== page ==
- October 23rd 2017
To celebrate our AW17 Original North Sea Outfitters Collection, we’re introducing you to three personalities whose lifestyles are inspired by the coast…
Jonny Burke is a traditional boat builder based in Glasgow, we visited him at his workshop to delve into the interesting world of traditional boat building and find out how the coast has shaped the industry over the years.
How did you come to be a boat restorer?
I became obsessed with building boats from quite a young age, me and my dad always had a boat we were building or an old boat that we were restoring in the garage at home. In 2006 I went to University in Glasgow to study naval architecture and by the time I had finished studying, I was pretty certain I wanted to work on wooden boats. When I graduated I worked as a bike mechanic for a couple of years before I found the charity that I rent my work space from now, and it took off from there.
Jonny wears the Barbour Craster Crew Neck Junmper.
Tell us about the process of designing and building wooden boats.
It’s quite a long process from design conception to the final product being on the water. To start with, a customer will come to me with a finished design or an idea of a boat that they would like to have built. Once the customer is happy with the design the next stage is the building itself.
There are several stages to that; with a traditional boat you start with lofting process, this is where you draw the boat out full size, you start to familiarise yourself with parts of it. Following this you need to get hold of all the materials, they have to be right if the boat is going to last, so material sourcing is pretty key. The wrong materials in the wrong part of the boat can really hamper the longevity, so I spend a lot of time looking for the right ones. Once I’ve got these I start building.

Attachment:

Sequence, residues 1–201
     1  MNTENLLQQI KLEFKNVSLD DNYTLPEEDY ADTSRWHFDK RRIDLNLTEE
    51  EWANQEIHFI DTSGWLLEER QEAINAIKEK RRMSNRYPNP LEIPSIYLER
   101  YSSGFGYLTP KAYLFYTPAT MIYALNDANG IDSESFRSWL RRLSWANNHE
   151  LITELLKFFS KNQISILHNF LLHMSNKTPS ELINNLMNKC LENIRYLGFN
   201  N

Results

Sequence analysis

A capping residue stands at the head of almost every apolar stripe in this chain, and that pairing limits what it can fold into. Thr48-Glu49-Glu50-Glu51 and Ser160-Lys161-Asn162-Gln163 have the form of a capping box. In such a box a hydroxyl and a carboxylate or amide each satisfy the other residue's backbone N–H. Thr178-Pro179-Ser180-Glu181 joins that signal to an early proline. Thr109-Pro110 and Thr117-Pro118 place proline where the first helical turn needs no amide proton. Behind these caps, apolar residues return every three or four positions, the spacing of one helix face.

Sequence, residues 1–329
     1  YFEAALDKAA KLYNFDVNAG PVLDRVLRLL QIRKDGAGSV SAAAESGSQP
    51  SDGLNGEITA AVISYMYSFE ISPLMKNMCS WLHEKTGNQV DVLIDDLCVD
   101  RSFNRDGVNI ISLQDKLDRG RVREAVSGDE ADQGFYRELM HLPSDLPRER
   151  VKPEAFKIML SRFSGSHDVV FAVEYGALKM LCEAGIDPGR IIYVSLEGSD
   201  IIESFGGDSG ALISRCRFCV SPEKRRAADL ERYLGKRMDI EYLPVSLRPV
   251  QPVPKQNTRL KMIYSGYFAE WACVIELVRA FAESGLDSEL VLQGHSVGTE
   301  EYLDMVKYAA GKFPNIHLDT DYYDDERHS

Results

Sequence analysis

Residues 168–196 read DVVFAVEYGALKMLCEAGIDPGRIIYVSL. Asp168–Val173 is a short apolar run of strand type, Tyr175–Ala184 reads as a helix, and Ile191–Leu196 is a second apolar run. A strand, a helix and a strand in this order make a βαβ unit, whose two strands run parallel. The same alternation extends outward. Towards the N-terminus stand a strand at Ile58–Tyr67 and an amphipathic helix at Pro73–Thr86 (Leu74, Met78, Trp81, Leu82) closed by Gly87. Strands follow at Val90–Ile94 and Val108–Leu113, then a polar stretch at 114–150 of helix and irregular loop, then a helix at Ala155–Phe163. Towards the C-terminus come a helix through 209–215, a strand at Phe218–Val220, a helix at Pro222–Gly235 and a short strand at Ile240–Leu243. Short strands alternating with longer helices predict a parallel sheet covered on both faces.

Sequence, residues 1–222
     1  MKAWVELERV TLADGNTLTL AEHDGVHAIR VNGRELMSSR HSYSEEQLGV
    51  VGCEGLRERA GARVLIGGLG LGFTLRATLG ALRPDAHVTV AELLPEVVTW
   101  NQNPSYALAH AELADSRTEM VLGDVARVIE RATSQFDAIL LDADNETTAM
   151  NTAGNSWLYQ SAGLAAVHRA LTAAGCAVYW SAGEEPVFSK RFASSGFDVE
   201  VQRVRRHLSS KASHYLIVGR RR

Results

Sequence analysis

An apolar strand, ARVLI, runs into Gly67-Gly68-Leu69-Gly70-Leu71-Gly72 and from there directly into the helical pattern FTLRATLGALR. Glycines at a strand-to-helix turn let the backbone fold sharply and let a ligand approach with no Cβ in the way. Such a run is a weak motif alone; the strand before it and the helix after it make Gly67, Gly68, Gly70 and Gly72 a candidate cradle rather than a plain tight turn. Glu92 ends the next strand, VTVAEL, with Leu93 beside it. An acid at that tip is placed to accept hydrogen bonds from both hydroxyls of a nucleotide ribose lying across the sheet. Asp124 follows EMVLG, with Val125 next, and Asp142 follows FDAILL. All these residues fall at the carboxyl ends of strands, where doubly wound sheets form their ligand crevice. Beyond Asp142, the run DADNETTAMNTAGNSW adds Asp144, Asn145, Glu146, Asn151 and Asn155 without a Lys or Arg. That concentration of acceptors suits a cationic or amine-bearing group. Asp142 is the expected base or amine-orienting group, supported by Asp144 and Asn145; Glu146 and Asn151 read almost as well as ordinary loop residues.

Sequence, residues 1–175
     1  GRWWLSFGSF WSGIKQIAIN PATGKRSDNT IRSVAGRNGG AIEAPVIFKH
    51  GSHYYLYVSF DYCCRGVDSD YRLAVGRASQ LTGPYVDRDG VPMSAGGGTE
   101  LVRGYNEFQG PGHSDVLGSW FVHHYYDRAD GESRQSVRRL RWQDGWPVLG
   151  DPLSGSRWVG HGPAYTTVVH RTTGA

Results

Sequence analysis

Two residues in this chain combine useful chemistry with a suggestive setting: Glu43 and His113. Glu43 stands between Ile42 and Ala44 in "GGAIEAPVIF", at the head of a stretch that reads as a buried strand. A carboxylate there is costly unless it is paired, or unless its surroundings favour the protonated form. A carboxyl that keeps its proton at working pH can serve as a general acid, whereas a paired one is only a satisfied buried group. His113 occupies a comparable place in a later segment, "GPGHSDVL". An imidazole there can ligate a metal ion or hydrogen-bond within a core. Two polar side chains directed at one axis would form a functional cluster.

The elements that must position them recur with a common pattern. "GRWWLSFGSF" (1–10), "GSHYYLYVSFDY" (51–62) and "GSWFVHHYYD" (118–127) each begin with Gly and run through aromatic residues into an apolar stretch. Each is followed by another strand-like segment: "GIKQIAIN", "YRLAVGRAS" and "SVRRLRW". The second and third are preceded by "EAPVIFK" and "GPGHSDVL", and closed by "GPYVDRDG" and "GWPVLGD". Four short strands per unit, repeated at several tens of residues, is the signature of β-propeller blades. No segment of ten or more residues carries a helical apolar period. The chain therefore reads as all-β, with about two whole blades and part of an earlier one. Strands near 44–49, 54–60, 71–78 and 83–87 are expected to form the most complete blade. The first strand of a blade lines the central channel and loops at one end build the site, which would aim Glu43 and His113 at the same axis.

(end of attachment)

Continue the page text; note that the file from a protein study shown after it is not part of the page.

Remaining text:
What makes your boats different?
I come from a racing background, so I put a lot of effort into making these traditional boats perform well, whereas a lot of people would put the aesthetics before the practical performance of the boat. In terms of my building work, I spend a lot of time on each boat I create, from sourcing the best materials that I can get hold of, to the time I take agonising over the perfect build. Touch wood, I hope that my boats will still be around in 100 years’ time.
What does Barbour mean to you?
I grew up around Sunderland, and Barbour are well known in the North East for producing practical clothing for outdoor use and in particular the fishing industry. It’s well renowned practical stuff!
Jonny wore the Barbour Cove T-Shirt.
What does the coast mean to you?
The coast is a big part of what I do, because I design and build small boats for use around the coast rather than on the open ocean. Particularly in Scotland, I have always been inspired by different coastal communities and how they have developed the boats that they use.
Each community has its own shape of boat that is indigenous to it, a shape that has been developed over many hundreds of years. For example a community may not have a sheltered set of moorings, so the boats have to sit in rough water all the time or they might have to be pulling them up the beach in a certain way, so they have developed a certain type of planking on the bottom or different sorts of protection on the bottom of the boats.
I find it fascinating how different construction methods for different parts of the coast for a myriad of different reasons have developed. I find this especially fascinating because none of those boats were drawn, they were put together off the top of someone’s head. They made mistakes, learned from them and then went back and did it again. They learnt over long periods of time, what worked and what didn’t work. I think that that’s quite an important thing to think about, traditional boats and the coast, and how they interact and help each other.